In October 2010, the Army provided a Sustainable Design and Development Policy Update that required all new buildings to be LEED certifiable. Certification requires following conservation requirements set by the U.S. Green Building Council and outlined in the Green Building Design and Construction Reference Manual. New buildings must earn 40 to 49 points to be LEED certified. Beyond that basis, they can become LEED certified at the silver level with 50 to 59 points, at the gold level with 60 to 79 points, and at the platinum level with 80 or more points based on the types of conservation that is implemented on a construction project.

"The Army said we were going to follow the requirements of LEED but we weren't going to get buildings certified," Merry said of that 2010 update. "But we decided here that we are going to go ahead and get the buildings certified. We not only want to build in accordance with LEED but we also want to be able to achieve the level of silver certification."

To date, six new Army facilities at Redstone are LEED certifiable -- the Army Materiel Command Band facility, Army Materiel Command/Security Assistance Command headquarters, System Software Engineering Annex at the Software Engineering Directorate/Aviation and Missile Research Development and Engineering Center, Von Braun III (Missile Defense Agency), and Redstone Test Center's headquarters and rotary wing hangar.

Of those, the AMC/USASAC headquarters achieved LEED certification at the silver level in August. All other facilities are in the process of being LEED certified. In addition, the contractor of the AMC Band facility is working toward a gold LEED certification.

Working to actually achieve LEED certification put Redstone a step ahead of the Army, which, in January 2011, mandated through an Engineering and Construction Bulletin that all new buildings beginning in fiscal 2013 must be LEED certified at the silver level and all major renovations will require LEED certification.

"Every building the Corps builds from now on that is on Army property will be silver certified," Merry said. "The Army is the first agency to require LEED certification and it comes from several laws that generally require the federal government to reduce energy consumption to be more green."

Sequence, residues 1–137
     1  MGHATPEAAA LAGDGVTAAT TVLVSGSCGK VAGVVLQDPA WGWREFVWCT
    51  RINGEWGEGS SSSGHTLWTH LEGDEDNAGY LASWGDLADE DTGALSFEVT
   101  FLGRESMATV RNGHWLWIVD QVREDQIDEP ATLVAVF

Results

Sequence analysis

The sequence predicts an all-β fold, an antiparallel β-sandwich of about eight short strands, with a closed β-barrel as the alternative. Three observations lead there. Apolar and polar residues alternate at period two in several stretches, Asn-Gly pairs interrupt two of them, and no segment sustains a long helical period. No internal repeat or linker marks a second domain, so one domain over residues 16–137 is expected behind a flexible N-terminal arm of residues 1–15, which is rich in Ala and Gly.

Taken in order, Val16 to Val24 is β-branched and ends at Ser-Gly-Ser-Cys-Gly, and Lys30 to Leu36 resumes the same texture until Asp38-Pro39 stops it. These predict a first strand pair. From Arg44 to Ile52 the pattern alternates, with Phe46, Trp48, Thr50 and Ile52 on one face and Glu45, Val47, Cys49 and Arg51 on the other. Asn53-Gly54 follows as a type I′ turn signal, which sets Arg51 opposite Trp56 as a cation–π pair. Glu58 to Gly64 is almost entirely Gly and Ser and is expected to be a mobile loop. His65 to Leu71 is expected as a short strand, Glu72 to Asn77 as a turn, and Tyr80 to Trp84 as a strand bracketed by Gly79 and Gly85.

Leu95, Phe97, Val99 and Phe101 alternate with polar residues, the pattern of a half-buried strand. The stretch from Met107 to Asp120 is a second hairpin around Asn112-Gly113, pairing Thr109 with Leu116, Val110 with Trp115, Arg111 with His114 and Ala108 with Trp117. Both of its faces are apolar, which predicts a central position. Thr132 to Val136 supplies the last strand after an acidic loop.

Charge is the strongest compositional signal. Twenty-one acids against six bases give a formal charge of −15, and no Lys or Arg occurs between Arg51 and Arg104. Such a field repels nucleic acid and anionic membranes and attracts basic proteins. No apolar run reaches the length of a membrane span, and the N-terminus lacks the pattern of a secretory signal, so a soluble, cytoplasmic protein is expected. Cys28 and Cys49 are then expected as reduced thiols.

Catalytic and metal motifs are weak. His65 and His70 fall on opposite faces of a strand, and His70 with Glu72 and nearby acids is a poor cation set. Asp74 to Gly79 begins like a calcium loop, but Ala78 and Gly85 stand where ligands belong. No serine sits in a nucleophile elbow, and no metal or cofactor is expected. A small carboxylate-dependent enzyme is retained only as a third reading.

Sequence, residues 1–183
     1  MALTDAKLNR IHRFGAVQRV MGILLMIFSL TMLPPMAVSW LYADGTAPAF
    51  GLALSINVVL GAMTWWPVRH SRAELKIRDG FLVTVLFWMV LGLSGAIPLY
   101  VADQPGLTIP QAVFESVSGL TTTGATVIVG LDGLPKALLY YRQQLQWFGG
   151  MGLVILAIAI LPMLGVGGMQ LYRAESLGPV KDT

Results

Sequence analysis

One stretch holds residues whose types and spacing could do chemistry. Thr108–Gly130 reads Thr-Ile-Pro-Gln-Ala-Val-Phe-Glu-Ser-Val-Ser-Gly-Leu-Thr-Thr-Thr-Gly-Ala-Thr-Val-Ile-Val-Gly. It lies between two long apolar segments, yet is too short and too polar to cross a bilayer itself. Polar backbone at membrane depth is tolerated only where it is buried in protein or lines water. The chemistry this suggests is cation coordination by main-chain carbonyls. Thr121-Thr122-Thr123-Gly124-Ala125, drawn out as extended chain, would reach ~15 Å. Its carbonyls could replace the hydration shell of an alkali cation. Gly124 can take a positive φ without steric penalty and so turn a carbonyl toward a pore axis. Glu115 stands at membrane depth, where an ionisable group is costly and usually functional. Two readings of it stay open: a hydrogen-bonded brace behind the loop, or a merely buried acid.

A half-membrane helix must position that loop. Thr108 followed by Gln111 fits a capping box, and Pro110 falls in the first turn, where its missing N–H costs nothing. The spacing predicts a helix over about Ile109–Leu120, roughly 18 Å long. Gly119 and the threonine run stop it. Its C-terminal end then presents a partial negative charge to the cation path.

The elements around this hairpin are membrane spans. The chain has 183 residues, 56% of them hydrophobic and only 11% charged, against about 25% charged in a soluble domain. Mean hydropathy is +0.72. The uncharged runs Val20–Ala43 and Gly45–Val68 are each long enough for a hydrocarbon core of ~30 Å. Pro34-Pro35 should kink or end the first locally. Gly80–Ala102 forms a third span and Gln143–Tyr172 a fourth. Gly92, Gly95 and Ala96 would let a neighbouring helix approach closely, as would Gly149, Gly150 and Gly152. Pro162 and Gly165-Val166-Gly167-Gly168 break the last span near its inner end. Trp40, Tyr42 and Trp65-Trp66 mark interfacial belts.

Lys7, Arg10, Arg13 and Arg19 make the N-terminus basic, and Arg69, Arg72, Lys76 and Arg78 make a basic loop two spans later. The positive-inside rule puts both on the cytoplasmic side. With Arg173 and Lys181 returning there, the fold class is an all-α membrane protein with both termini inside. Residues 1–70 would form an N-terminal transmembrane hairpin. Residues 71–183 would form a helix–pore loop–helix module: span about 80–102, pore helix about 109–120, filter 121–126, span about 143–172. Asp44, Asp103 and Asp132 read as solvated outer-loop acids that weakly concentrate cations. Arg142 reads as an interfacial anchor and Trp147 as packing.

To achieve LEED certification, contractors can choose from hundreds of standards detailed in the Green Building Design and Construction Reference Manual from which they gain points that, when totaled, confirm if a building can be LEED certified and at which level. For Army facilities, the Corps of Engineers has said that LEED silver certified buildings will gain at least 40 percent of those points from areas that contribute to energy and water conservation and that include points pertaining to sustainable sites, water efficiency, energy and atmosphere, materials and resources, and indoor environmental quality.

"The categories that are important to the Corps involve energy efficiency, water efficiency and general environmental stewardship. Within each category, there are prerequisites that the building has to meet to get certified. Then, after that, points are earned and how many points that accumulate over the requirement determine what level of certification," Merry said.

"For example, a water efficiency credit of one point can be given if the contractor limits or eliminates the use of potable (drinking) water for landscaping. To do this, they would choose plants and grass that don't need to be irrigated. This lessens the amount of electricity that would be used to water those plants and also meets the federal goal of water usage efficiency."

Another example, in the area of construction materials, states that a contractor can achieve one point for recycling or reusing 50 percent of construction waste and two points for recycling or reusing 75 percent of the waste. And if a contractor chooses a regional materials credit, they can get a point for buying 10 percent of building materials from a source within 500 miles of the construction site and two points if that amount of materials reached 20 percent.